The polyacrylate has an absorbing and expanding nature
that interacts outside a closed system like an induction field. Unlike a magnetic field the water gets stretched possibly forming a negative resistance.
The tendency of a permanent magnet to align itself to an induced field can
be visualized but alignment of the fields of crystal cells and how they are positioned what may be happening outside the cells may have some unanswered questions.
I recall a video on a phenomena where distance made a difference and
might give some clue to the ordering outside reflects something different going on inside this type of cell or how it might order as an open system.
strange effects with powercells - YouTube
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Old 09-14-2012, 11:03 PM
DadHav DadHav is offline
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Graphing Softare.

Hello John, All. I know small cells aren't as exciting a big ones but I have to say I'm impressed with the small conversion and it takes a lot to impress me. First let me ask before I have everyone sleeping again: Does anyone have recommendations for graphing software? I have Eagle Tree but it's not good for testing smaller currents. I was ready for some video but I wanted to do more than light up light bulbs. Listen though. I must have done something wrong because I'm getting to much voltage. I know: There must have still been acid in the battery. I can't believe that's what it is. The battery is only 1.3 ah and was a sealed lead acid. It doesn't use much more that 1-2 ounces of electrolyte. I put a tube in each cell and attached it to the faucet and ran water in for an hour on each cell. I then switched to Baking Soda and water and used a big 2 ounce syringe to force about a quart of water into the cells while rinsing. I then left the cells over night with the baking soda. Then I pressure rinsed about another gallon of distilled watter through the cells. I did not reverse charge the battery. Maybe I should have but the battery charges to 16.5 volts then rests to about 12.4. After running some loads for an hour or so the resting voltage is more like 12.2 I have charged this battery over night three times now at 50-100 ma and ran tests the entire next day with current draws as high as 250 ma. At 250 ma the battery will stabilize at about 11.8 volts and hold there for a nice slow discharge rate. I never had this current density when the battery was new. Not to mention the battery was completely useless before the conversion. Know I wish I wouldn't have thrown so many hobby batteries away in the last few years. Any thought on the battery or software would be appreciated.
Oh. I used McCormick's alum mixed at a consistency that left a gelatinous precipitate on the bottom. I have more of the thick precipitate in the battery than the diluted concentrate.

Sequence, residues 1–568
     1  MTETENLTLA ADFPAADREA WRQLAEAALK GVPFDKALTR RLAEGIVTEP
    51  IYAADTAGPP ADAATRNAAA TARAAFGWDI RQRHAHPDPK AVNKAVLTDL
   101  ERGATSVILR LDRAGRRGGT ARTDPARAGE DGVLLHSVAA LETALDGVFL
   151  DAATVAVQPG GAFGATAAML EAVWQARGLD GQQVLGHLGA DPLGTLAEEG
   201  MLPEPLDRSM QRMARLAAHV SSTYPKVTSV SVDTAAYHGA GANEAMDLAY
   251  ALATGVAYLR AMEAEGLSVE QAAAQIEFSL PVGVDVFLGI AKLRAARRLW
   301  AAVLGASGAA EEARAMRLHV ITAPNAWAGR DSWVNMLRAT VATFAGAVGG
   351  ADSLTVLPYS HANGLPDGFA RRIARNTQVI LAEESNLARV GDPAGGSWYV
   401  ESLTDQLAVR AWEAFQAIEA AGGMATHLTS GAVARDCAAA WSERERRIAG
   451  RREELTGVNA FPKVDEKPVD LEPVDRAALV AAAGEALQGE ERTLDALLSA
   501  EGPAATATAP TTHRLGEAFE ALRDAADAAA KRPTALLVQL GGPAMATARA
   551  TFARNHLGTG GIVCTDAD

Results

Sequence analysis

John Hav.
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Old 09-15-2012, 12:32 AM
Les_K Les_K is offline
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Quote:
Originally Posted by DadHav View Post
Hello John, All. I know small cells aren't as exciting a big ones but I have to say I'm impressed with the small conversion and it takes a lot to impress me. First let me ask before I have everyone sleeping again: Does anyone have recommendations for graphing software? I have Eagle Tree but it's not good for testing smaller currents. I was ready for some video but I wanted to do more than light up light bulbs. Listen though. I must have done something wrong because I'm getting to much voltage. I know: There must have still been acid in the battery. I can't believe that's what it is. The battery is only 1.3 ah and was a sealed lead acid. It doesn't use much more that 1-2 ounces of electrolyte. I put a tube in each cell and attached it to the faucet and ran water in for an hour on each cell. I then switched to Baking Soda and water and used a big 2 ounce syringe to force about a quart of water into the cells while rinsing. I then left the cells over night with the baking soda. Then I pressure rinsed about another gallon of distilled watter through the cells. I did not reverse charge the battery. Maybe I should have but the battery charges to 16.5 volts then rests to about 12.4. After running some loads for an hour or so the resting voltage is more like 12.2 I have charged this battery over night three times now at 50-100 ma and ran tests the entire next day with current draws as high as 250 ma. At 250 ma the battery will stabilize at about 11.8 volts and hold there for a nice slow discharge rate. I never had this current density when the battery was new. Not to mention the battery was completely useless before the conversion. Know I wish I wouldn't have thrown so many hobby batteries away in the last few years. Any thought on the battery or software would be appreciated.